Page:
If you woke up this morning as a 40-something professional, chances are you are not really thinking about how relevant your skills will be in five or ten years’ time. However, by the time you reach your mid-50s, the labour market will be completely transformed and there will be an estimated net loss of over five million jobs in 15 major developed and emerging economies (World Economic Forum). In New Zealand, 46% of jobs (885,000 roles) are expected to be disestablished.
Education is no longer a function front-loaded in the first 25 years of your life. As new and emerging roles and sectors redefine the market place, ongoing professional development will be essential in order for you to remain gainfully employed, relevant and effective.
But this is only part of the story. Women risk being worst off – we stand to lose five jobs for every job gained as a result of drastic changes in the employment market (WEF). Men however, stand to lose only three for every job gained. Why?
The reasons shouldn’t surprise us. In part it’s due to the widely discussed low female participation in STEM careers (Science, Tech, Engineering and Maths). Women also tend to do more of the administrative roles – highly-repeatable tasks that can easily done by automation. Career breaks, usually unpaid, coupled with being the primary caregiver makes it more challenging to acquire the necessary skills and stay relevant, particularly with the exponential pace of change we are now witnessing.
Yes, the facts are hard to swallow. But there is an answer. Women need to look at roles that are going to make a meaningful difference in the next decade and prepare for those – rather than focusing on the ones that are in decline (Debra Charles, CEO, Novacroft).
You need to renew your skills every 5 years (Stephane Kasriel, CEO, Upwork)
The idea that you study then have a career in one company is gone. Freelancers will be the future workforce, as office jobs become less relevant. Re-skilling is essential, but traditional tertiary education does not check all the boxes. MBAs are now considered to be an outdated way of just accessing a network. So what should you look for?
How to prepare for work in a redefined world – more than just a qualification
- Applied skills – work- and project-based learning
Careers need not pause while you re-skill. Professional development must have work- and project-based learning at its core. Degrees that take several years will not set you up for success: nearly 50% of subject knowledge acquired during the first year of a four-year technical degree is outdated by graduation (WEF). You need more than a piece of paper at the end of your investment – the ability to apply new knowledge to real projects and innovate as a result.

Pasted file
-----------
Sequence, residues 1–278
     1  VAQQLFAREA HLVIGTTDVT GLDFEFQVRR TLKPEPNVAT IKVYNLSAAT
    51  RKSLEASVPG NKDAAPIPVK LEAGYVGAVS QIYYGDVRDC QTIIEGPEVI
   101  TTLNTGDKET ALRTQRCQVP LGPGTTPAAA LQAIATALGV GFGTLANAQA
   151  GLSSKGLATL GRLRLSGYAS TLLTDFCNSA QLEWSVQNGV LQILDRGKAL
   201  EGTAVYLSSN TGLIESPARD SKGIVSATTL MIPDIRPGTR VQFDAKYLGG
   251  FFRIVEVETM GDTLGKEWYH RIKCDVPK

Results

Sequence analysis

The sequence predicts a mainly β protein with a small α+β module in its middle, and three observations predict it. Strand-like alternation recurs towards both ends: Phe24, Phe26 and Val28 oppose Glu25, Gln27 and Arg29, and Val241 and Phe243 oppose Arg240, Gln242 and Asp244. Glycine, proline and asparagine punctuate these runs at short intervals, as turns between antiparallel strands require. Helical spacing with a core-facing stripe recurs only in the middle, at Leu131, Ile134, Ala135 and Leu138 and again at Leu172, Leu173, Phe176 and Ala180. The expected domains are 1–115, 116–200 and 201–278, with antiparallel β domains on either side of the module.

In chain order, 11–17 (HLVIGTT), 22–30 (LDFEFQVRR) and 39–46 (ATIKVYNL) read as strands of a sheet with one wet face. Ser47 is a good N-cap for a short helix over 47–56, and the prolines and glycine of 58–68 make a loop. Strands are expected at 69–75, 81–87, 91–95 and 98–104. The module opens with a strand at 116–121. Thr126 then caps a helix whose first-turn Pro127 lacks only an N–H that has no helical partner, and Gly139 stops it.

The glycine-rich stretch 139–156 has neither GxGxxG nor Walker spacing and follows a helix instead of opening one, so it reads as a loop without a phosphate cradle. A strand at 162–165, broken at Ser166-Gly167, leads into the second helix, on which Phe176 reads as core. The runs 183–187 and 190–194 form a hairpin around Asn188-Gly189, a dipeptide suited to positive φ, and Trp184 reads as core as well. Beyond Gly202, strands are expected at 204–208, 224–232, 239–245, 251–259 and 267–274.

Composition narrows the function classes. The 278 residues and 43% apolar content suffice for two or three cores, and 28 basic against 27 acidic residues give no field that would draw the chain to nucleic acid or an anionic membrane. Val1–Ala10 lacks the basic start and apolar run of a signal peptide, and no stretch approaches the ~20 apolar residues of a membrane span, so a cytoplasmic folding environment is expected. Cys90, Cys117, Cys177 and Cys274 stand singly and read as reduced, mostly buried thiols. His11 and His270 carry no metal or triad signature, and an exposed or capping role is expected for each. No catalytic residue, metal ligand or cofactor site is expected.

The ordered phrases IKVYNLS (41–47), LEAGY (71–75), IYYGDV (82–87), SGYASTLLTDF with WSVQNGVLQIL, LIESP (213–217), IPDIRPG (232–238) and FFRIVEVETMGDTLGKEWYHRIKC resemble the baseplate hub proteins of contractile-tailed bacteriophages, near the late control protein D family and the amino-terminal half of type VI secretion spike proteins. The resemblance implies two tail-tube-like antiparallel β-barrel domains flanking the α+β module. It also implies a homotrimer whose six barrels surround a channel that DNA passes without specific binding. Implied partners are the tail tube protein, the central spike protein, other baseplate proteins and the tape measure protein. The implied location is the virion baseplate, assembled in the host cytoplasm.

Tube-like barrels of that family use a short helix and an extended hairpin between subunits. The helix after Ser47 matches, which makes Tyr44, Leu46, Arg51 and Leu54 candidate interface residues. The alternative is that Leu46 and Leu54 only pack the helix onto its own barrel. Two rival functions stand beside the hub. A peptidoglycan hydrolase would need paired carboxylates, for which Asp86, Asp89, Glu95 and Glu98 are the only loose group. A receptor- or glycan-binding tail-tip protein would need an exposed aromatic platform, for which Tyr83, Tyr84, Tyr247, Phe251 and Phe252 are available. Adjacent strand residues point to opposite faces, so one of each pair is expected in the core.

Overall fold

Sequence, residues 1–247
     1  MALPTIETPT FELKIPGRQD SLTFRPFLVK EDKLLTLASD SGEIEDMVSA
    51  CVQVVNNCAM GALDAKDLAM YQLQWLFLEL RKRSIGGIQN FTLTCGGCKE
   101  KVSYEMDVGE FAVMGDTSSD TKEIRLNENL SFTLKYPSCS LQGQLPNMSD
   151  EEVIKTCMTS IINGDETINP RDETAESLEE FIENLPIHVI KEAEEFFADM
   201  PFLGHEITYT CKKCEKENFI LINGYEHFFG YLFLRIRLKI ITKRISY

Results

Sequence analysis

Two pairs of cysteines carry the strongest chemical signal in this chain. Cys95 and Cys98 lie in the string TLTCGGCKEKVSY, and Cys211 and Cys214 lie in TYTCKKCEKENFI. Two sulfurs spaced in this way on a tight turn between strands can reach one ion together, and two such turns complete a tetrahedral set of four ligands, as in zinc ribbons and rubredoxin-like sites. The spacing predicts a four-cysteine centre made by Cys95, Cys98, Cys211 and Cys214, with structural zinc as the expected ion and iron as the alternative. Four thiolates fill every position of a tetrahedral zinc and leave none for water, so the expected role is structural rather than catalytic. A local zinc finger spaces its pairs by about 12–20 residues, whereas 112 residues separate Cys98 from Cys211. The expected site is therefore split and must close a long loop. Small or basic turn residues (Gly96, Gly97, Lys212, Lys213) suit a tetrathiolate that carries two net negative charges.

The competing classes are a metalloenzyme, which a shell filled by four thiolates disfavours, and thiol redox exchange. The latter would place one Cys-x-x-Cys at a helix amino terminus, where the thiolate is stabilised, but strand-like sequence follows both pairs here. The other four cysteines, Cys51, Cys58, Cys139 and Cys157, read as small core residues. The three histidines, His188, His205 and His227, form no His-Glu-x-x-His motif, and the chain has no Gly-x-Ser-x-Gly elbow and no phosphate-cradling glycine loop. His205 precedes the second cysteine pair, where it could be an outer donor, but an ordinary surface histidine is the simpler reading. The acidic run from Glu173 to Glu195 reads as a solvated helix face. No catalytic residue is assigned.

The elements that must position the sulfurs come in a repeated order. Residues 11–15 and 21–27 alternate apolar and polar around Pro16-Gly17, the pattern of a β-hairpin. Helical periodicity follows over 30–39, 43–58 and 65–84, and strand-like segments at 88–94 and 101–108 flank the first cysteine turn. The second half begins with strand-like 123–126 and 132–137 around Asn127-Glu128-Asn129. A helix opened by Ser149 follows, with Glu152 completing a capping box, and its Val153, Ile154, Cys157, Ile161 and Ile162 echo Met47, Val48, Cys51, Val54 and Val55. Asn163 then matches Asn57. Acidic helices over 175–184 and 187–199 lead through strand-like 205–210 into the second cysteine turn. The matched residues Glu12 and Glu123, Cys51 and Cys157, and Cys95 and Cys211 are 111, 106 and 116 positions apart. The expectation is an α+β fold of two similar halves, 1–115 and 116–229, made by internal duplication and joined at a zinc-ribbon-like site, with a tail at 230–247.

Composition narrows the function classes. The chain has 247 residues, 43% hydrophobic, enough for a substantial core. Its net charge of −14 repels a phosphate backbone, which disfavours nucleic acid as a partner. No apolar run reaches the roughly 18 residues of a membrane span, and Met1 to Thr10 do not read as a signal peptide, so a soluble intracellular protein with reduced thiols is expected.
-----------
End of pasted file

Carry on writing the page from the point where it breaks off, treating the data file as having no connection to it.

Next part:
- Access to networks: industry and business
We are seeing that networks are the new net-worth. Graduate programmes should never stop working for candidates enabling robust access to peers, influencers and industry leaders through an alumni network.
What if tertiary education could be designed to include work and business based projects or to realise a startup idea alongside access to faculty and industry experts? Who wouldn’t want a team of industry experts while they build a startup or innovate on their business? Women thrive in collaboration rich environments and a lab-style learning environment will catalyse innovation.
Traditional tertiary degrees lack the depth to prepare candidates for 21st-century careers. The future is both scary and exciting at the same time. But one thing is certain. History doesn’t reward the complacent.
Tech Futures Lab has launched a game-changing, one-year Master of Applied Practice – Technological Futures. February 2017 Intake – applications due now.
Frances Valintine, Founder of Tech Futures Lab has developed a delivery model that reflects best practice in education, training and professional development for advancement in today’s careers.
Read more of her articles here.